Building applications in SDK


The software workflow in SDK is described in the following figure.

SDK software workflow

The first step in developing a software application is to create a Board Support Package (SDK) that will be used by the application. Then, you can create an application project.

To build an executable for this application, SDK automatically performs the following actions. Configuration options can also be provided for these steps.

  1. SDK builds the board support package using Libgen. This is sometimes called a software platform.
  2. SDK compiles the application software using a platform-specific gcc/g++ compiler.
  3. The object files from the application and the Board Support Package are linked together to form the final executable. This step is performed by a linker which takes as input a set of object files and a linker script that specifies where object files should be placed in memory.

The following sections provide an overview of concepts involved in building applications.

Makefiles

Compilation of source files into object files is controlled using Makefiles. With SDK, there are two possible options for Makefiles:

Build configurations

Software developers typically build different versions of executables, with different settings used to build those executables. For example, an application that is built for debugging uses a certain set of options (such as compiler flags and macro definitions), while the same application is built with a different set of options for eventual release to customers. SDK makes it easier to maintain these different profiles using the concept of build configurations.

Each build configuration could customize:

By default, SDK provides three build configurations, as shown here:

Configuration TypeCompiler Flags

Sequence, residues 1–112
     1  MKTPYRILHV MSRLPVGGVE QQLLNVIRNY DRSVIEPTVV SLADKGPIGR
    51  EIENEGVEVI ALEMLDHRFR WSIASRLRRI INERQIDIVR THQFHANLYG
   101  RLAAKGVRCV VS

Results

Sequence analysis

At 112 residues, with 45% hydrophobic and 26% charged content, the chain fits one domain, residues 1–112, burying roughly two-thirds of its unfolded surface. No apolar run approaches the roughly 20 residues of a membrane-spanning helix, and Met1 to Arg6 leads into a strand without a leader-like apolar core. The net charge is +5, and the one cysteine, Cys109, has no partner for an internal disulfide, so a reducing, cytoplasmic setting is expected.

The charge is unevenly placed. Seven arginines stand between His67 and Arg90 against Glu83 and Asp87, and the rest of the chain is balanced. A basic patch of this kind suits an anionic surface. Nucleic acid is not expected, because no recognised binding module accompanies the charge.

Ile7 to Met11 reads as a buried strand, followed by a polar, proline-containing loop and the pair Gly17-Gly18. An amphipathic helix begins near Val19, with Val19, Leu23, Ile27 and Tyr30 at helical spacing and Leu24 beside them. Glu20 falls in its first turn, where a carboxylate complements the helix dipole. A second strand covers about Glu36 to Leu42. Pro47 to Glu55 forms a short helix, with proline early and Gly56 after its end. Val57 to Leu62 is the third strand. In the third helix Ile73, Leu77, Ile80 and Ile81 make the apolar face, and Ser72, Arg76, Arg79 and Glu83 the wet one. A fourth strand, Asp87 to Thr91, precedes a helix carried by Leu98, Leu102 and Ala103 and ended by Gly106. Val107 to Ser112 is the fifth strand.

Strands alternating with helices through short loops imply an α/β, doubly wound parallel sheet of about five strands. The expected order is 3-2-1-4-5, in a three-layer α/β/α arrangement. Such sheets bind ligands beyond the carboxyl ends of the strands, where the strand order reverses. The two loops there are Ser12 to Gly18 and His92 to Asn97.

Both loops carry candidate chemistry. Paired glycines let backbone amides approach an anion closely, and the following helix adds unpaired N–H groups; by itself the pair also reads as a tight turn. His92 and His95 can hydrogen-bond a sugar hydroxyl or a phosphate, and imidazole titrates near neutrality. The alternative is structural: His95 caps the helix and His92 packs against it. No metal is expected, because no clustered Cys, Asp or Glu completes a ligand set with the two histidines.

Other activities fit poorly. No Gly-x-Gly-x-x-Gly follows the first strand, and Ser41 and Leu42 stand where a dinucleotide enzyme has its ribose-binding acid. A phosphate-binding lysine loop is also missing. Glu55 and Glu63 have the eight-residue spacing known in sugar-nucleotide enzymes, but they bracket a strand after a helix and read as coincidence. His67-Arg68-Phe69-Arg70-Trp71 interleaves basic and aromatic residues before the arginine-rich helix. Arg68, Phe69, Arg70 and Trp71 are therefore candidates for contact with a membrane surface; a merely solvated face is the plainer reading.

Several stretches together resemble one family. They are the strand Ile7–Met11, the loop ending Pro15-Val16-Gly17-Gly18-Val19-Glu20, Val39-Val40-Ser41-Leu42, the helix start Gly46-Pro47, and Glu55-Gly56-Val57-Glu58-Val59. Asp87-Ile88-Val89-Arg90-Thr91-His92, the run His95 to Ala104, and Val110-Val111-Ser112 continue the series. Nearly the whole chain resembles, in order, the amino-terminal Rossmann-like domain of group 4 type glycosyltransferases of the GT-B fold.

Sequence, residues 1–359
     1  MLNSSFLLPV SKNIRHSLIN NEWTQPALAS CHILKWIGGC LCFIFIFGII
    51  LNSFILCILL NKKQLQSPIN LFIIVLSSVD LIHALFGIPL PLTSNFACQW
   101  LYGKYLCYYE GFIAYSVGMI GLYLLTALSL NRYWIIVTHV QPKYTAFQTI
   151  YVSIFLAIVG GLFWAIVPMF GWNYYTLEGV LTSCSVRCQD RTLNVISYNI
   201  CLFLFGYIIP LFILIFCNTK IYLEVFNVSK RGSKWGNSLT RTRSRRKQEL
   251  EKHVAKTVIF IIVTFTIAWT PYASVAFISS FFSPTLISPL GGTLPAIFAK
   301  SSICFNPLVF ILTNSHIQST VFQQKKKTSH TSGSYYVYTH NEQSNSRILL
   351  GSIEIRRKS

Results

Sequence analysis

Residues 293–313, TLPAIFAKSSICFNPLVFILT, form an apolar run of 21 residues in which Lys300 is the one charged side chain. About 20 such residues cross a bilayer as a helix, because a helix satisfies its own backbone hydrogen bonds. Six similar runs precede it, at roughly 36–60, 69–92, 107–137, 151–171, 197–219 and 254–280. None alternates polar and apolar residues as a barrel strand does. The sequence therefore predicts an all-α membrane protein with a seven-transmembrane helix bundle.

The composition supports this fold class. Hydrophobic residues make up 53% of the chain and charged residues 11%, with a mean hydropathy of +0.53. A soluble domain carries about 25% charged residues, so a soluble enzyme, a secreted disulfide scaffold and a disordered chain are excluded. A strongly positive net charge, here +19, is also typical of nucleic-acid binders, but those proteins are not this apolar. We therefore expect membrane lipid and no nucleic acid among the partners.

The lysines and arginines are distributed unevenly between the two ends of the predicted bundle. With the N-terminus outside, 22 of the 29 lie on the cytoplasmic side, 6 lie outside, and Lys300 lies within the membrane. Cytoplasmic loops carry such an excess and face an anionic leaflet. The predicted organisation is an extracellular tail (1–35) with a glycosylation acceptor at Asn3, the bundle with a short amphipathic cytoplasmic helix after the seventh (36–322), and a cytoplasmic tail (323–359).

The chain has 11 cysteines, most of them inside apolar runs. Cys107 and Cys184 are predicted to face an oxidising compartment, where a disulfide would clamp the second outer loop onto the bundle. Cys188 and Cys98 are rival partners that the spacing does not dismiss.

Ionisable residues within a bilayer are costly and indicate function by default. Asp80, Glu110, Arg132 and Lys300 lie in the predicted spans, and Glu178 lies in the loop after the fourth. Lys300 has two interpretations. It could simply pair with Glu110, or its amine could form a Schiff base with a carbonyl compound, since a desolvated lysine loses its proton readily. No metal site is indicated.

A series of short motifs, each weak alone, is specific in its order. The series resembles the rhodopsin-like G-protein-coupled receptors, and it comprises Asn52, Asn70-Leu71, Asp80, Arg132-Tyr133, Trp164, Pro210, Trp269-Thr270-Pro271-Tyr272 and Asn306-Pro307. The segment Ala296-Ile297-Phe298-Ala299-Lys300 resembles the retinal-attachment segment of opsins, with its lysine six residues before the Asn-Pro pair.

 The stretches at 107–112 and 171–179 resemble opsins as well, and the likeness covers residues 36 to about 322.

Debug -O0 -g
Release -O2
Profile -O2 -g -pg

MicroBlaze-specific options

Applications specific to the MicroBlaze™ processor can be compiled in one of two modes:

Linker scripts

The final step in creating an executable from object files and libraries is linking. This is performed by a linker which accepts linker command language files called linker scripts. The primary purpose of a linker script is to describe the memory layout of the target machine, and specify where each section of the program should be placed in memory.

SDK provides a linker script generator to simplify the task of creating a linker script. The linker script generator GUI examines the target hardware platform and determines the available memory sections. The only action required by you is to assign the different code and data sections in the ELF file to different memory regions.

Note: For multi-processor systems, each processor will be running a different ELF file, and each ELF file requires its own linker script. Ensure that the two ELF files do not overlap in memory.

Related concepts
Board support package (SDK)
SDK application projects

Related tasks
Creating software projects

Related references
Reference

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